Since 2014, when it was created, Israel's Genesis Prize has been awarded to those "who inspire others through their dedication to the Jewish community and Jewish values". These, to say the least, are loose, baggy and hugely debatable criteria. As per the NY Times (4/21/18), previous award winners include former New York Mayor Michael Bloomberg, sculptor Anish Kapoor, violinist Itzhak Perlman and Hollywood actor Michael Douglas.
Let me say that I am a particular fan of Anish Kapoor's work, which touches on polarities not usually explored by artists — the simple and basic one between inside and outside, for example, or, more grandiloquently, fullness and absence, presence and void. But much as I am enchanted by his work, it would take at least a tractate of the Talmud plus admonitions by Martin Buber to instruct me about its inherent "Jewish values" or its function for the "Jewish community."
Putting such questions aside for now, Natalie Portman has occasioned a furor by refusing to travel to Israel to accept a Genesis Prize, and the $2 million that comes with.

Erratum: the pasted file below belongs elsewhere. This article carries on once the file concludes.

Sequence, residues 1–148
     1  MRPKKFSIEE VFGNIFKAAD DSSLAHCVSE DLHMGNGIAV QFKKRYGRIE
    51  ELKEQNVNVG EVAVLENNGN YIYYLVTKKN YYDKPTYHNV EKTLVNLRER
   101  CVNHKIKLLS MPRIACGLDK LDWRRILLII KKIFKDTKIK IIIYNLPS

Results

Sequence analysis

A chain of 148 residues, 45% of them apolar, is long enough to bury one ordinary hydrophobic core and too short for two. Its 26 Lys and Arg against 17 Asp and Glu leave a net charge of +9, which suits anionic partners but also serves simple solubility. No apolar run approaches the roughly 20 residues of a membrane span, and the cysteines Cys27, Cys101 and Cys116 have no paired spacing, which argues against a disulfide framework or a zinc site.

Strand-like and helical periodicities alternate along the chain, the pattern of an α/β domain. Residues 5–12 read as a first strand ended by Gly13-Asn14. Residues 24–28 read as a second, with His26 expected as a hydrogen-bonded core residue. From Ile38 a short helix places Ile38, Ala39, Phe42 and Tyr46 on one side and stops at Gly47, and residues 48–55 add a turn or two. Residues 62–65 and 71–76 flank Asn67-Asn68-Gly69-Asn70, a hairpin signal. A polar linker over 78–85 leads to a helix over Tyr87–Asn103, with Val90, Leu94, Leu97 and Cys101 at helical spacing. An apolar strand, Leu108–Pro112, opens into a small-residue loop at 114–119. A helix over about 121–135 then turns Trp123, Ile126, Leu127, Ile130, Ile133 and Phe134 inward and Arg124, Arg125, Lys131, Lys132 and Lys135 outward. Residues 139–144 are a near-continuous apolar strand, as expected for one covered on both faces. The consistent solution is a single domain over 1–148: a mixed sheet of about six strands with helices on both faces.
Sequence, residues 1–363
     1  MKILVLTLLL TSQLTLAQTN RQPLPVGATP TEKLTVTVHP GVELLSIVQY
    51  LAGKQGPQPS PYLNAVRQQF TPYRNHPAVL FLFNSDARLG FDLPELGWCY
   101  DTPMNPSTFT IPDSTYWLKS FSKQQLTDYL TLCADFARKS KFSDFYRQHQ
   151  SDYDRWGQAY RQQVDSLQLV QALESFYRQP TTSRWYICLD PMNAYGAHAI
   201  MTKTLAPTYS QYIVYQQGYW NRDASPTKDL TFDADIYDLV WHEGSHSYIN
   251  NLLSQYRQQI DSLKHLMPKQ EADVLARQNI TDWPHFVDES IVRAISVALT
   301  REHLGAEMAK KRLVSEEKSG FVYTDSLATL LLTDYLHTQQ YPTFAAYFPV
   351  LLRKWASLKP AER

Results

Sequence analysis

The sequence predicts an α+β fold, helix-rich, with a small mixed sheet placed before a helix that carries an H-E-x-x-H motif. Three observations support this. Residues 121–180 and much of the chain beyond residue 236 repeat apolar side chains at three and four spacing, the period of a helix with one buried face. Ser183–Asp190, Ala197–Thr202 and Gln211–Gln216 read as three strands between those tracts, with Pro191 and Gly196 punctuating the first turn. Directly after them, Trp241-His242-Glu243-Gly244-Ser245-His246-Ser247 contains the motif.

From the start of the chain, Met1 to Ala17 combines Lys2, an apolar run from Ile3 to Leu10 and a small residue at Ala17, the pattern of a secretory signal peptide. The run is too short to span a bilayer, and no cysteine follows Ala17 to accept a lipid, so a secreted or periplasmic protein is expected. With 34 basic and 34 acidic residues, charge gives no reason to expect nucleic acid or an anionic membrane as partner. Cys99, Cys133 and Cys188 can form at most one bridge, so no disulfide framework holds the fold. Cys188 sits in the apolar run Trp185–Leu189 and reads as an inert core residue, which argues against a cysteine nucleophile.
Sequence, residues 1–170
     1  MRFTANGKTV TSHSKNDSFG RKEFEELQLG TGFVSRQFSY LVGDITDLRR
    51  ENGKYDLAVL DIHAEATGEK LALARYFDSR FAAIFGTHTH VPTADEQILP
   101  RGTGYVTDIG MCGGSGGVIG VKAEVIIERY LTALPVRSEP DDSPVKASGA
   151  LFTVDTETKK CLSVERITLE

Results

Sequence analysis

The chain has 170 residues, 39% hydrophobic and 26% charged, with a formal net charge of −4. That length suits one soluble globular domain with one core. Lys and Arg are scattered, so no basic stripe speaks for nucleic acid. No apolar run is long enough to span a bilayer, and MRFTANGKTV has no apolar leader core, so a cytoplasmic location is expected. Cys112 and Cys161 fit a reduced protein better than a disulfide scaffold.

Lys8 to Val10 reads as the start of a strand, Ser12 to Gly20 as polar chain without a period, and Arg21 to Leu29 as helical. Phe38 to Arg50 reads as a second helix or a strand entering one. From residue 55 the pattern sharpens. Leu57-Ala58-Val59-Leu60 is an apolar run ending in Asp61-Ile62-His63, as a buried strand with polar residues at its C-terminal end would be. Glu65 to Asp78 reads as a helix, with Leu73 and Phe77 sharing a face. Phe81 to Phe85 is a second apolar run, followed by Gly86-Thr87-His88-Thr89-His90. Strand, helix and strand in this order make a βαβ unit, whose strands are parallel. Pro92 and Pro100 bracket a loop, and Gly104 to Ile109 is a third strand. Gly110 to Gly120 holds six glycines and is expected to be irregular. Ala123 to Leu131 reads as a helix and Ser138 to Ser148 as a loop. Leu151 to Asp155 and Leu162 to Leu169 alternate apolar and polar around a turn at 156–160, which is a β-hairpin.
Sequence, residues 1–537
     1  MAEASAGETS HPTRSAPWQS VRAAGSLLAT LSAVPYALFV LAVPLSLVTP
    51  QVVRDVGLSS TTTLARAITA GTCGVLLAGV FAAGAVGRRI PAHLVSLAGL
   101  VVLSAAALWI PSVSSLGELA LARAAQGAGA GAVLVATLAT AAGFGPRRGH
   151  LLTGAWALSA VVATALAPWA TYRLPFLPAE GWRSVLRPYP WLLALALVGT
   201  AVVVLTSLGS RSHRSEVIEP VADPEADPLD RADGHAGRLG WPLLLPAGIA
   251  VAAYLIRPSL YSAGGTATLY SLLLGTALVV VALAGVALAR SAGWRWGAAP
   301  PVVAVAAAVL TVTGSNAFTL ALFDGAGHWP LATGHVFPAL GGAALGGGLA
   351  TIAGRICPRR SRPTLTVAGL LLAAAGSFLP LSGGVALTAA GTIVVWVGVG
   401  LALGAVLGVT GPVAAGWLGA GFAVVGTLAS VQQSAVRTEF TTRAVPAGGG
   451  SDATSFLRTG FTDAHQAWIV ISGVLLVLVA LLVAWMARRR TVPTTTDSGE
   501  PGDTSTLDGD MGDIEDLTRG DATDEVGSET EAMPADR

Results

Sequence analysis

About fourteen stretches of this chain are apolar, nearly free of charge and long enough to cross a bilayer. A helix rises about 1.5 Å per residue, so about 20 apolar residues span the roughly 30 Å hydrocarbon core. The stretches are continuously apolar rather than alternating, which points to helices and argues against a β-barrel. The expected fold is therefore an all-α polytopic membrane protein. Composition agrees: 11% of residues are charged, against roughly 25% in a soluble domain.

On one side of the furor, ministers in Netanyahu's government have accused her of being a dupe for rejectionist Palestinian types out to defame and isolate Israel. (Do these ministers think Hamas has offered Portman more money than the Genesis Award?) On the other side of the furor there are those on the left who condemn Portman for even thinking about going to Israel, since, let's be honest, if you're a certain kind of loyal lefty, Zionism is still racism, right? Leninist gobbledygook still applies, doesn't it? You mean, it don't!?
In the midst of this nasty but not unpredictable shit storm, Portman has opted to speak not through agents or representatives but for herself, as she does, very ably.
As per the Times:
"Let me speak for myself. . . I chose not to attend because I did not want to appear as endorsing Benjamin Netanyahu, who was to be giving a speech at the ceremony."
Portman said she did not support the Boycott, Divestment and Sanctions (BDS) movement, which aims to isolate Israel over its treatment of Palestinians.
"Like many Israelis and Jews around the world, I can be critical of the leadership in Israel without wanting to boycott the entire nation," she said.
I love the way she put this:
"Like many Israelis and Jews around the world, I can be critical of the leadership in Israel without wanting to boycott the entire nation."
I completely sympathize with her refusal to accept the Genesis Prize, but also feel bad about it, since, if there are "Jewish values" this prize recognizes and rewards, she speaks for them.